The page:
In the Mind of an Introvert

In other words, from my highly introverted perspective, from the whole world.

Before I begin this ramble, let me start by defining my terms.  I want to lay aside all the stereotypes and bullshit and break this down as simply as possible (come back to this previous sentence at the end):

  • Extroverts approach the  world in an exterior manner, focusing on what happens outside the self
  • Introverts approach the world in an interior manner, focusing on what happens in their own minds

There is no value judgment there, and I mean no stereotypes or other implicit personality trains.  I have met painfully shy, socially awkward, and really quiet extroverts.  Why?  Because their gratification and mental “recharging” was from interacting with other people and things in the world.  They are an extrovert.  The converse can certainly be true; a friendly, expressive, even talkative person who nonetheless finds social situations draining and needs time alone to recharge.  An introvert.

If you disagree, well, I think you need to check your definitions (and your stereotypes at the door).  Introverts can often be shy, and extroverts can often be friendly, but that isn’t the defining characteristic of introversion versus extroversion.

But I’m not here to give you the big-picture view of introversion versus extroversion.  Just put aside the stereotypes (introverts as loners, shy, or socially awkward; extroverts as loud, obnoxious, or incredibly chatty) and listen as I share the only thing I really can:  what it’s like for me, an Introvert.

The biggest thing for me is that social situations are draining, mentally so.  That doesn’t mean they’re not rewarding, as they are, but after a night out (or in) with friends, I need time to myself.  I’m not being rude (well, intentionally), but I get worn out from that and start to feel frayed.  A bit of time losing myself in my head and I’ll be fine, but that’s where I recharge and best engage.

I know it has also led others to believe that I am unfeeling, or uncaring, or that I’m not that interested in people around me.  I can assure you, that’s not the case.  For me, the reason why social situations are so draining is that I’m paying so much attention to everyone around me – reading, learning, empathizing, and without a good filter.  With one or two people, it’s fine, but when I’m in a crowd, I try to do that to all of them and it is too much.

Most of the time, I am quite happy being by myself.  All my favorite hobbies are there – reading, writing, art, programming, even cooking.  Sometimes, I do like being social, and I greatly value and care about my friends.  It just takes energy, like exercising, with the difference that I’m not getting more extroverted – my endurance does not increase.  But it is good for me, and fun, so I do it.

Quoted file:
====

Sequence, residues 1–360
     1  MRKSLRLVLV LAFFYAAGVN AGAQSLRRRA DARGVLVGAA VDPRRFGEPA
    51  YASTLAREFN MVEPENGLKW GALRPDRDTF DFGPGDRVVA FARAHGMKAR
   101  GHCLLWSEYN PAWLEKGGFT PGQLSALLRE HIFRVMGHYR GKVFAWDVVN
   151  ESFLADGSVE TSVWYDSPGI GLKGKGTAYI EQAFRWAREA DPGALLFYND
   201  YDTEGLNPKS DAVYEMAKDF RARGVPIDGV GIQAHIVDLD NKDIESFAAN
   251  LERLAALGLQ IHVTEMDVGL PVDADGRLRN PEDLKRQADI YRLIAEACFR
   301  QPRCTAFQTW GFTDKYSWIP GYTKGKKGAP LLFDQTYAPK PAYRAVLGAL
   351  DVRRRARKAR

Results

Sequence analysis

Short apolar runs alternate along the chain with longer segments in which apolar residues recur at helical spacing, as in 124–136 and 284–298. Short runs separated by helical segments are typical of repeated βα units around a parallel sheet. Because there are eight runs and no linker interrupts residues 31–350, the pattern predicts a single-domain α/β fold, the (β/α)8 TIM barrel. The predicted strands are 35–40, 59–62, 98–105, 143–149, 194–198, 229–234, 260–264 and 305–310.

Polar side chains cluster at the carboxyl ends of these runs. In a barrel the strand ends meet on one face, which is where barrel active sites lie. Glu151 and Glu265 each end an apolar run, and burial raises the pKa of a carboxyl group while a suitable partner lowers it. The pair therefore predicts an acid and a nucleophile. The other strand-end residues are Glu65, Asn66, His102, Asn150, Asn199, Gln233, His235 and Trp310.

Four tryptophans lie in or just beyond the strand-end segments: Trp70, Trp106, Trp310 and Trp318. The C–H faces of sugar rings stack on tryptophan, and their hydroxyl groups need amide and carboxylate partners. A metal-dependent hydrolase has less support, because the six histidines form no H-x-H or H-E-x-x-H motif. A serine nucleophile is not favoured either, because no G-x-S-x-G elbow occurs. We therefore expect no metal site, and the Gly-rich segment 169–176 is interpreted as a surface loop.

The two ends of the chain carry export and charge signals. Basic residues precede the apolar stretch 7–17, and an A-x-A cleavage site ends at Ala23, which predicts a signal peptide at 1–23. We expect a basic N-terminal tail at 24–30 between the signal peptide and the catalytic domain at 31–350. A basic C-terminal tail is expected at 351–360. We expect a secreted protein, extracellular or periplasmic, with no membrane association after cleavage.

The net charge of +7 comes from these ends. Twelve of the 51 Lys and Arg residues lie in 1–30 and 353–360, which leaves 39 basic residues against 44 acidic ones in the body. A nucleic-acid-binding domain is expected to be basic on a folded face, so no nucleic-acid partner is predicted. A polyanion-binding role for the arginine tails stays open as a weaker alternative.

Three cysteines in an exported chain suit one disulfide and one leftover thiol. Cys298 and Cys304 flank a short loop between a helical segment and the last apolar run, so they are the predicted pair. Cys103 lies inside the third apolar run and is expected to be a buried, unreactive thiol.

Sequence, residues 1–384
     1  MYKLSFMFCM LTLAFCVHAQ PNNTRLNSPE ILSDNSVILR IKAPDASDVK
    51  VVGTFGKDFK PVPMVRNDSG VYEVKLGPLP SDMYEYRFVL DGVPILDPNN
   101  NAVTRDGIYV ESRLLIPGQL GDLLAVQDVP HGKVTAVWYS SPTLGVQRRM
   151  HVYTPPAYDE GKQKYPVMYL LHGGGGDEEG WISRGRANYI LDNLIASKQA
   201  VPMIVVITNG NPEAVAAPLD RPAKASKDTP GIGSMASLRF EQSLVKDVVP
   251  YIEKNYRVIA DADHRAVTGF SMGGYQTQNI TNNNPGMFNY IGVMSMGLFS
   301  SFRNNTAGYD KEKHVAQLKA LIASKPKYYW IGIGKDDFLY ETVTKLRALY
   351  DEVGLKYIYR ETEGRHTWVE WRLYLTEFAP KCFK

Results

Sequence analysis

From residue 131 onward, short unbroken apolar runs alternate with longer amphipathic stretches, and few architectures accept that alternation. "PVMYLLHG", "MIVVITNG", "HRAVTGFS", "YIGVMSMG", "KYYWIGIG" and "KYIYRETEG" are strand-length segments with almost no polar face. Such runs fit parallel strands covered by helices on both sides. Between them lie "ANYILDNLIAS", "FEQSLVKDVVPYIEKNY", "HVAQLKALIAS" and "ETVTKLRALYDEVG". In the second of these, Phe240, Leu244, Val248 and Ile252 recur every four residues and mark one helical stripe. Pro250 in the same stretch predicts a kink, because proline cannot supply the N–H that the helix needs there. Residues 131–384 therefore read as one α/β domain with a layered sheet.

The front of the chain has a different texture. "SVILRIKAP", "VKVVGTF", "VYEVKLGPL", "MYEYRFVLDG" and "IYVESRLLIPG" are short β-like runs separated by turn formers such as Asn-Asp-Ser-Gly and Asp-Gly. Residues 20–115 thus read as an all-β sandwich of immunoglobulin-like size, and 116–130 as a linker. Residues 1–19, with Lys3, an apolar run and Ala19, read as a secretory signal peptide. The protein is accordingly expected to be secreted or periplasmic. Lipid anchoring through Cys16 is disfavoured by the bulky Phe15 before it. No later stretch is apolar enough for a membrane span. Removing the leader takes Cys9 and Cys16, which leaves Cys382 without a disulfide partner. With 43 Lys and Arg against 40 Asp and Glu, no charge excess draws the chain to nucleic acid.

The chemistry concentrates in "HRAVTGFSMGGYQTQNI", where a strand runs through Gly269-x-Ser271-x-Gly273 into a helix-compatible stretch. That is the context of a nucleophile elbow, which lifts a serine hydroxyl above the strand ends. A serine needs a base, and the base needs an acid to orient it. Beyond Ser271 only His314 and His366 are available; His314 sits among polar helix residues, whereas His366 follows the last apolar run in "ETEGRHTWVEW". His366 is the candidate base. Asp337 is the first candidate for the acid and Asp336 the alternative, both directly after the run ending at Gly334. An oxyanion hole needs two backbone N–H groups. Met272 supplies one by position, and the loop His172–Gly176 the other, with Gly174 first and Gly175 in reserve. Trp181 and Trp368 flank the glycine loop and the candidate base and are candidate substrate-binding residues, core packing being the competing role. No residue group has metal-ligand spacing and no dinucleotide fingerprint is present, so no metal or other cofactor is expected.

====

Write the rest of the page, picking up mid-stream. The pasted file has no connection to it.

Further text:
This all came up (recently) from conversations on twitter about the introvert subreddit, and one of the things noted was that introverts feel persecuted by extroverts.  I don’t believe that for a second, at least not on a wide scale (there probably are extroverts that hate introverts, but the converse is also true, and neither is representative).  However, that doesn’t mean that introverts don’t have a lot of trouble fitting in.

Hell, fitting in is in and of itself a social concept, and for the inward-facing introvert, prioritized and understood differently.  At least in American culture, and I think more so in Southern culture, extroversion is the norm.  People are expected to be outgoing and friendly and sociable, and you stick out (negatively) by not doing so.  I know that is something that I’ve felt.

I feel like I’m struggling to adequately express myself, which frustrates me as a writer and doesn’t surprise me as an introvert (after all, I’m used to living in my own head first; understand, it’s the connection to other people that is problematic).  The biggest problem I’m having is that I don’t understand extroversion, not intuitively.

Don’t misunderstand me, I don’t think it’s wrong or that extroverts are bad people (or aliens from another planet).  It works for them, I’m happy for them.  I can even intellectually grasp how, theoretically, being around other people could be positive, how collaboration and networking could be fun, rewarding, and energizing, how small talk and small, friendly gestures can be good, but it stops there.  It stops at a theoretical, intellectual exercise for me, not something that I can start to understand.

For me, most of that sounds tiring.  Potentially rewarding at the same time, as some draining activities can be, but it’s not the kind of thing I’ll walk away from feeling uplifted, open, and engaged from.  I’d walk away from it full of ideas and observations, even more lost in my own head and needing space (really, needing to not have my focus drawn to other people) to sort them out.

I was going to include my Myers-Briggs personality profile here, but I think it would be tl;dr on top of detracting from my entry.  So instead, I invite you, oh gentle readers, to fill me with your thoughts.  Maybe you can explain to me what being an extrovert is like, or give me your own take on introversion.  You can also ask questions, which I promise to bungle as little as possible.

Oh, and for additional reading, if you’re interested:  A Time article on introverts.

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